The Consumer Electronics Association (CEA) on Thursday announced that Apple CEO Steve Jobs is among the latest inductees into its Hall of Fame, which was created in 2000 to recognize "consumer electronics industry leaders who made vital contributions to the products and services that consumers value and are a vital part of our nation and its economy."
The trade association will hold a Hall of Fame dinner and ceremony during its industry forum that will take place October 18-21 in Phoenix. It is recognizing Mr. Jobs because he "helped to create one of the first commercially successful PCs, the Macintosh (Mac)," the organization said in a press release.
Other 2009 Hall of Fame inductees include:
Dr. Irwin M. Jacobs, co-founder of Qualcomm who led the commercialization of CDMA technology.
The team of Karl Hassel and Ralph Mathews, founders of the Chicago Radio Laboratory, which later became Zenith Radio.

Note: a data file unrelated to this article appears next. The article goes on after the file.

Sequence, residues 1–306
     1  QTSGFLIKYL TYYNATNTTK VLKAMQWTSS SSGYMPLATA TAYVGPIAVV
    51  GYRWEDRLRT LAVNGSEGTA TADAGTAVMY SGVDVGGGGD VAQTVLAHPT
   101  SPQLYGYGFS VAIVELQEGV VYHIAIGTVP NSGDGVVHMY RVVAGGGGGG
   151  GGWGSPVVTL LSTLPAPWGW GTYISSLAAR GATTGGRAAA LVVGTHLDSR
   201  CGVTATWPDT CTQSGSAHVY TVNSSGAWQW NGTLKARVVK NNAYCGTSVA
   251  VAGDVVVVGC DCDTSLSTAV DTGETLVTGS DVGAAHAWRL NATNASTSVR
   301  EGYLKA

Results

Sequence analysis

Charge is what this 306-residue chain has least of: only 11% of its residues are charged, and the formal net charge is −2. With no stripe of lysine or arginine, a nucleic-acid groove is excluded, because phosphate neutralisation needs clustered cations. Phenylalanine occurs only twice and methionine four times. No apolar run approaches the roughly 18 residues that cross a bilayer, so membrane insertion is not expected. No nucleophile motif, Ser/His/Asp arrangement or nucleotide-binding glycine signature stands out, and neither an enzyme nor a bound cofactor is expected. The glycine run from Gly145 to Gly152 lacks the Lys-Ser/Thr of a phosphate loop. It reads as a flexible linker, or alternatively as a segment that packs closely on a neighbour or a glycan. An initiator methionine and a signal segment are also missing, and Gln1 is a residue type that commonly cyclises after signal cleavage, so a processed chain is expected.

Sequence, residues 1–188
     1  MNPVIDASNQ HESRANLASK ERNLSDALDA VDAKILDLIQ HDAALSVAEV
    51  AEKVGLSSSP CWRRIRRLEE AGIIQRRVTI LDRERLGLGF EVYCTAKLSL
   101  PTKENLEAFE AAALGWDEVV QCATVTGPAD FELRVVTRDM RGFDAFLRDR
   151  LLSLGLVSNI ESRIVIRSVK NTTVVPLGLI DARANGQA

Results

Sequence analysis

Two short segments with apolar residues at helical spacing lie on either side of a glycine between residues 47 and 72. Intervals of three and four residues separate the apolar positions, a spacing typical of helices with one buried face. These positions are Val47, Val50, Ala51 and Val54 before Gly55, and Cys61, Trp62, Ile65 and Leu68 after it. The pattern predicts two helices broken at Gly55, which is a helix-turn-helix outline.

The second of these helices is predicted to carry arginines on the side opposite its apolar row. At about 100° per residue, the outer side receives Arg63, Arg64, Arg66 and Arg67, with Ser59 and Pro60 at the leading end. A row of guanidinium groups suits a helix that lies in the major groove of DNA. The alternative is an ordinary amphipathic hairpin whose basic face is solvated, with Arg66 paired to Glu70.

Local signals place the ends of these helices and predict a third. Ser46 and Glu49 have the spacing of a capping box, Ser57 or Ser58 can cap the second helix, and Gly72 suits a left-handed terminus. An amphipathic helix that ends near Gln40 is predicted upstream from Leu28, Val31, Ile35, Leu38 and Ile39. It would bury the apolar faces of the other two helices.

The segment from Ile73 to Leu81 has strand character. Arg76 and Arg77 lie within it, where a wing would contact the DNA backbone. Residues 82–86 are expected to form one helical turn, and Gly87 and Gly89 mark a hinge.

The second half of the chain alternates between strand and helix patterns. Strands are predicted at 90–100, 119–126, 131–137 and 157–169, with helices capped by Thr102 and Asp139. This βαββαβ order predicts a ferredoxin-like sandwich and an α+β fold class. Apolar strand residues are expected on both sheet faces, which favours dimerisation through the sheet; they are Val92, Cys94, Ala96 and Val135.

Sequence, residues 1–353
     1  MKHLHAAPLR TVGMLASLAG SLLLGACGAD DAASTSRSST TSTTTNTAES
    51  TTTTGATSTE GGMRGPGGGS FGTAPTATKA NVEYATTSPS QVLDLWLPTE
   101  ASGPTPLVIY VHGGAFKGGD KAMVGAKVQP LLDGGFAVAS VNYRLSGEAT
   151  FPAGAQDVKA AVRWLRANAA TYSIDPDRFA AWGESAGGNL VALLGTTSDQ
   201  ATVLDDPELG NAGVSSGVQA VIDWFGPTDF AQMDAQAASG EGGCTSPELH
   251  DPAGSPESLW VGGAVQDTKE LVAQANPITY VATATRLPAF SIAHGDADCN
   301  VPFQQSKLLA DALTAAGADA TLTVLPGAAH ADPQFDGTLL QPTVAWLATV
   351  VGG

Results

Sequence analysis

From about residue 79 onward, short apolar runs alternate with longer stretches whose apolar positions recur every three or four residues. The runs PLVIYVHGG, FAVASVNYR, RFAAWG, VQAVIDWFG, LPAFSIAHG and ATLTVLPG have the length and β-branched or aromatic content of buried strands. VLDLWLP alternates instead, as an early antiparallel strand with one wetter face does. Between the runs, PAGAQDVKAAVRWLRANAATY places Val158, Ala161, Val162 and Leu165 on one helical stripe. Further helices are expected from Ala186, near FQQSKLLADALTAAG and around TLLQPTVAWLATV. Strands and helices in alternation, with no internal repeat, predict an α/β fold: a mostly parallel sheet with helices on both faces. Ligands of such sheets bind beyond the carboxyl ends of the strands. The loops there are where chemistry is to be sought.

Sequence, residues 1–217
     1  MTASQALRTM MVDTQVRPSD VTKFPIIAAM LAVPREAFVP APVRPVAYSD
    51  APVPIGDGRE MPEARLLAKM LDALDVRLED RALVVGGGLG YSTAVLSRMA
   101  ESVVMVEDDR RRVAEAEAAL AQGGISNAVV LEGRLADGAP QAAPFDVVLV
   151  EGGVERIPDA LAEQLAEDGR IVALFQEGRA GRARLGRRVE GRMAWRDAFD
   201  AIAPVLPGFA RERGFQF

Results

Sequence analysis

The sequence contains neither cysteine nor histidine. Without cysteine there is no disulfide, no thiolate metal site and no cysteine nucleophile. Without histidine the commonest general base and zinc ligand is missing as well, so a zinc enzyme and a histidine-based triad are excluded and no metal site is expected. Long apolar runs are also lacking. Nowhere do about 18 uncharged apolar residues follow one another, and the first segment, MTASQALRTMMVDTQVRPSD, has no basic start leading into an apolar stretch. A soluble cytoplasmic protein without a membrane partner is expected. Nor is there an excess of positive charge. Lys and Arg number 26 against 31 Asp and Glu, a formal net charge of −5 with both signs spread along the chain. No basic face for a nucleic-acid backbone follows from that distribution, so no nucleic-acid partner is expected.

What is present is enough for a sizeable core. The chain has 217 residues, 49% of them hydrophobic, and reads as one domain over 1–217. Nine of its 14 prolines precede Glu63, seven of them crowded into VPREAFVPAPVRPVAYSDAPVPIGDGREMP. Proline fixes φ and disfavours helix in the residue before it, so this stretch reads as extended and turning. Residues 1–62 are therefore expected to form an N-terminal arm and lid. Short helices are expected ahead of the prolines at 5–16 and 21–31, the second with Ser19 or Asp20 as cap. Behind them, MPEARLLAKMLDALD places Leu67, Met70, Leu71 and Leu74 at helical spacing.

John Shalam founded Audiovox Corp. and helped establish the aftermarket car audio business, the aftermarket security business and the mobile video business. He also has served as CEA Chairman.
The late Neil Terk, founder of Terk Technologies, introduced the Pi antenna in 1987. The Pi was selected to be sold through the Museum of Modern Art.
Walton Stinson is president and co-founder of the Denver-based Listen Up audio/video specialty chain and also co-founded the Professional Audio Video Retailer's Association (PARA) in 1979.
The Cohen brothers: Norman, Maurice and Philip, grew their father's Cambridge tire store in Boston into the discount retail giant Lechmere Sales that specialized in CE products.
Richard E. Wiley, past Chairman of the Federal Communications Commission (FCC), played a pivotal role in the development of HDTV, serving as Chairman of the FCC's Advisory Committee on Advanced Television Service for nine years.
Dr. Joseph Flaherty demonstrated HDTV to the Society of Motion Picture and Television Engineers in 1981 and also gave demonstrations to FCC and other officials, who established the Advisory Committee on Advanced Television Systems, leading to the ATSC standard.
Aaron Neretin is a consumer electronics journalist who wrote for Merchandising Week.